Ethical Hacking and Cybersecurity: A Step-by-Step Explainer

Now that we know what ethical hacking in cybersecurity is, let’s talk about how it works. We’ll go through each stage white hat hackers move through to defend today’s orgs from devastating attacks — and how they do it just like the bad guys.

Step 1: Reconnaissance

Reconnaissance is the first — and arguably most important — stage of ethical hacking. It’s the widespread information-gathering stage, during which ethical hackers mine sources for as many details on the target organization as possible. 

The goal of reconnaissance is for ethical hackers to learn as much as possible until they’re deeply familiar with the target systems. During this stage, ethical hackers gather information like:

  • IP addresses
  • Email addresses
  • OS types
  • Active machines
  • Networks

Knowledge of all those resources builds a robust research foundation for their attack plan(s).

This knowledge-gathering process is also known as footprinting – or when ethical hackers collect data about target systems and connected digital assets within an organization. Through footprinting, ethical hackers can also learn about a target’s:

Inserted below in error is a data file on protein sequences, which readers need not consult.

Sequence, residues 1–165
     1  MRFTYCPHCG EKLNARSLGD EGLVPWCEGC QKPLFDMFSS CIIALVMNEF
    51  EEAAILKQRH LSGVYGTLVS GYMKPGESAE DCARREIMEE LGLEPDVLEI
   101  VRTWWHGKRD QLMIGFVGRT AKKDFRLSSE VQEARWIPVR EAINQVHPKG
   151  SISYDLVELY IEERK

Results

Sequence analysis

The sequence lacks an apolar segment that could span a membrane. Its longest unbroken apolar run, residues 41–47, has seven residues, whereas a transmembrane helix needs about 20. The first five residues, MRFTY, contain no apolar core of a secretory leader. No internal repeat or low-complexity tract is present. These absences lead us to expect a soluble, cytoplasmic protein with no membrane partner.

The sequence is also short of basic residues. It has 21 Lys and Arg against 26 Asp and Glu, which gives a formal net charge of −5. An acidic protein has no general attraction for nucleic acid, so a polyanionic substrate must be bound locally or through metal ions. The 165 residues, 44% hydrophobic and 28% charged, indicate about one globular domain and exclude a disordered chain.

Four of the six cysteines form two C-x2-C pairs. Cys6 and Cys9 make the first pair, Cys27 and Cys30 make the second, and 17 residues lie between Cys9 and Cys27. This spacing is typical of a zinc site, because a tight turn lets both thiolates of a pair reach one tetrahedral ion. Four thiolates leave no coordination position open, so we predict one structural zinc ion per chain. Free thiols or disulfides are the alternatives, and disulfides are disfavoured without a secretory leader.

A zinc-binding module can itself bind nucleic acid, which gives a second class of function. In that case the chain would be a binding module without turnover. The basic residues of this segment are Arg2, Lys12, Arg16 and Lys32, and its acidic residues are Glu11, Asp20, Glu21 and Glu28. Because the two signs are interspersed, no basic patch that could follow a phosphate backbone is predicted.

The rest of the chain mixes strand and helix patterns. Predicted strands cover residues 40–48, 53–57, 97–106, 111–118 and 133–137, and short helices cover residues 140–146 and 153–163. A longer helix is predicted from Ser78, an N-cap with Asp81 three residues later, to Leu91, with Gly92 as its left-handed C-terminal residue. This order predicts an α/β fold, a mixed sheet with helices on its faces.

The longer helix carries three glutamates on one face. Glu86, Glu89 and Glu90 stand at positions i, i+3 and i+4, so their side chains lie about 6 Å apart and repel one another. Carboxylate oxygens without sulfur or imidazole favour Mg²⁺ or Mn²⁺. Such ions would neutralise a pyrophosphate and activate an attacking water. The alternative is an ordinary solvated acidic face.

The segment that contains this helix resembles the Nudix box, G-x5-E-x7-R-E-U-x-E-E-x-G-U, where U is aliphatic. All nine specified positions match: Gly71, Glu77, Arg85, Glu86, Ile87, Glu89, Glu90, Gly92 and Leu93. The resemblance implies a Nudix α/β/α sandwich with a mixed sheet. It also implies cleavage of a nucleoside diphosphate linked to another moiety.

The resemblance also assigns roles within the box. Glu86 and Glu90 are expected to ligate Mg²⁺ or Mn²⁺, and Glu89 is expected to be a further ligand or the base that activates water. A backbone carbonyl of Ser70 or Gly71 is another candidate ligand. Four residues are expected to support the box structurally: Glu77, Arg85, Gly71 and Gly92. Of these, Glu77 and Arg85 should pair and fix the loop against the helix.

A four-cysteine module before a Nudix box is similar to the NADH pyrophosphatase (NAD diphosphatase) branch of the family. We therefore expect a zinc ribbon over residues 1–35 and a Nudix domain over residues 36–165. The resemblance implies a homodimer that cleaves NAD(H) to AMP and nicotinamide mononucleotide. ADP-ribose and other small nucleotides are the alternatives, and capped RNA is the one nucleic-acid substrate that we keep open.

• Firewalls
  • Security configurations
  • URLs
  • VPNs

And other digitally connected devices, services, etc.

Step 2: Scanning

Once they gather enough information, ethical hackers move on to scanning. Scanning is the most popular technique bad actors use to find vulnerable systems, servers, and ports. It’s also an essential component of any ethical hacking and cybersecurity program. That’s because this stage is when organizations can actually learn where they’re most vulnerable — in other words, where they’re most likely to be attacked.

During this stage, ethical hackers use vulnerability scanners to search a target’s network for exploitable entry points. A simple tool like traceroute can gather systems, routers, firewalls, and other critical network info. This critical part of ethical hacking helps determine which ports are unnecessarily active or exposed, allowing organizations to shut down extraneous services.

Step 3: Gaining Access

Next, ethical hackers move on to gaining access. This is where they can test the strength and diversity of an organization’s existing security processes by several different methods of attack, including:

  • Passive Online Attacks: Like wire sniffing, man-in-the-middle attacks, and replay attacks
  • Active Online Attacks: Like password guessing, trojans/spyware/keyloggers, hash injections, and phishing